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UNITED STATES v. WEISS

October 31, 1995

UNITED STATES
v.
FRANK WEISS, Defendant-Appellant.



The opinion of the court was delivered by: MCAVOY

 I. INTRODUCTION

 Appellant Frank Weiss ("Appellant") appeals from a magistrate's order denying his Motion to Vacate Conviction. For the reasons set forth below, this Court agrees with the magistrate judge and affirms his order.

 II. FACTS

 In December, 1992, Appellant, a Canadian citizen with professed substantial property interests in the United States, unsuccessfully attempted to bring an unauthorized alien across the border, in violation of 8 U.S.C. § 1324(a)(2). After his arrest, Appellant appeared pro se before a magistrate on December 15, 1992 and entered a plea of guilty. The magistrate judge imposed a sentence of two days imprisonment (already served on December 14 and 15, 1992), a fine of $ 225.00, and a special assessment of $ 25.00. As a result of the conviction, Appellant has been and will be forever barred from re-entering the United States. The records from this plea proceeding were subsequently lost during a relocation of the Clerk's Office.

 On May 10, 1994, Appellant moved to vacate his conviction, arguing that he had entered his guilty plea unknowingly and involuntarily because he had not been informed of the collateral civil consequences that attached to his conviction. In an order dated November 23, 1994, the magistrate judge treated the motion as one made pursuant to 28 U.S.C. § 2255. The magistrate judge denied relief, reasoning that Appellant had not demonstrated cause and prejudice that would excuse Appellant's failure to previously raise the issues on direct appeal. Appellant now seeks review of the magistrate judge's decision, arguing first, that cause and prejudice had been established, and second, that the magistrate judge should have held a fact-finding hearing to reconstruct the record lost by the Clerk's Office.

 III. ANALYSIS

 A. Standard of Review

 In reviewing Appellant's claims, this Court shall not merely defer to the judgment of the magistrate judge, but will instead reach its own independent conclusions. This Court shall review Appellant's 8 U.S.C. § 2255 motion de novo. Lebowitz v. United States, 877 F.2d 207, 210 (2d Cir. 1989).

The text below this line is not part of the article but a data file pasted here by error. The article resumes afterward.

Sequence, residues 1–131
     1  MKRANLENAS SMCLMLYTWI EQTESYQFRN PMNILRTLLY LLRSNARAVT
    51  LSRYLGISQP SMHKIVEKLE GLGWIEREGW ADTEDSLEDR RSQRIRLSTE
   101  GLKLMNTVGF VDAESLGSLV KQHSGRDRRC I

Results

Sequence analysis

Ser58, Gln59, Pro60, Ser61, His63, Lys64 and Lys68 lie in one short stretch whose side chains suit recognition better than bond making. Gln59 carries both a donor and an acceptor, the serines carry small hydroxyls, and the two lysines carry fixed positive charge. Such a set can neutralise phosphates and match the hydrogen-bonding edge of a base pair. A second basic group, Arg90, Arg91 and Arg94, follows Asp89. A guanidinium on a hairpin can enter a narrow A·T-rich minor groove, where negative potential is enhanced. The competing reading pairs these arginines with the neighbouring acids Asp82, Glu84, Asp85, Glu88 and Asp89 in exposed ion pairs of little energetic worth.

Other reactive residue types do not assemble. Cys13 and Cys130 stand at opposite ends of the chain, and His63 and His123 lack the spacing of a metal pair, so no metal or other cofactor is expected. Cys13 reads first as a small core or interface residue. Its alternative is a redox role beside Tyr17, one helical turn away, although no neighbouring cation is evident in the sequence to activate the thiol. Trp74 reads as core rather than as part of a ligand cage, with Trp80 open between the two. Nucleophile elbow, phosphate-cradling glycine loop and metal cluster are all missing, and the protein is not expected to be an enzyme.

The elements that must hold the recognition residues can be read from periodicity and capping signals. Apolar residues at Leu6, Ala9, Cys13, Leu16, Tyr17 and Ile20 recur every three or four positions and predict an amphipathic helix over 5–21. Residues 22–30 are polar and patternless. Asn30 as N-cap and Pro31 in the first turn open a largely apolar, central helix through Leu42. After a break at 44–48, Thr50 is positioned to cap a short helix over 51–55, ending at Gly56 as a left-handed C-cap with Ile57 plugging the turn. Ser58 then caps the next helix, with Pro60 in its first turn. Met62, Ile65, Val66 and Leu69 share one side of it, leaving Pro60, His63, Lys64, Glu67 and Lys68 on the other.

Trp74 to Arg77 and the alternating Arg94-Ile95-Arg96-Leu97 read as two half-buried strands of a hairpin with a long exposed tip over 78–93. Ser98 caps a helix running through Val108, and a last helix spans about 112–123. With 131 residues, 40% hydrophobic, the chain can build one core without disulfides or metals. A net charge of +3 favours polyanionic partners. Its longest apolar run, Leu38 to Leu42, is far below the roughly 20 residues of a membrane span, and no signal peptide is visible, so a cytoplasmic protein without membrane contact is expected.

B. Absence of Record

 Appellant claims that because the record of his 1992 plea proceedings were lost by the Clerk's Office, the magistrate judge should have conducted a fact-finding hearing to determine whether the plea was entered knowingly and voluntarily. In essence, Appellant contends that the parties, in a court-supervised proceeding, should be permitted to reconstruct the missing record. This Court declines to provide Appellant such an opportunity.

 Court reporter's notes were similarly "lost . . ., thus eliminating any exact record of what transpired," in United States v. Darnell, 716 F.2d 479 (7th Cir. 1983), cert. denied, 465 U.S. 1083, 79 L. Ed. 2d 771, 104 S. Ct. 1454, reh'g denied, 466 U.S. 946, 80 L. Ed. 2d 479, 104 S. Ct. 1935 (1984). Recognizing that "the government's ability to meet successfully the allegations of the motion . . . may be greatly diminished by the passage of time," the Seventh Circuit reasoned that any attempt to proceed without the record would "prejudice[] the government in its ability to establish the voluntariness of [movant's] plea of guilty." Id. at 480-81. Although the time interval separating the sentencing hearing from the motion to vacate in Darnell is much longer than that in Appellant's case, this Court finds the court of appeals' argument compelling as applied to the case-at-bar. Moreover, the Record on Appeal submitted by Appellant provides sufficient documentation of the events preceding and contemporaneous to the plea proceedings of December 15, 1992 from which this Court may reach a proper determination. For these reasons, this Court rejects Appellant's claim that a fact-finding hearing is necessary to reach a proper determination of the issues in dispute.

 C. Relief Under 28 U.S.C. ...


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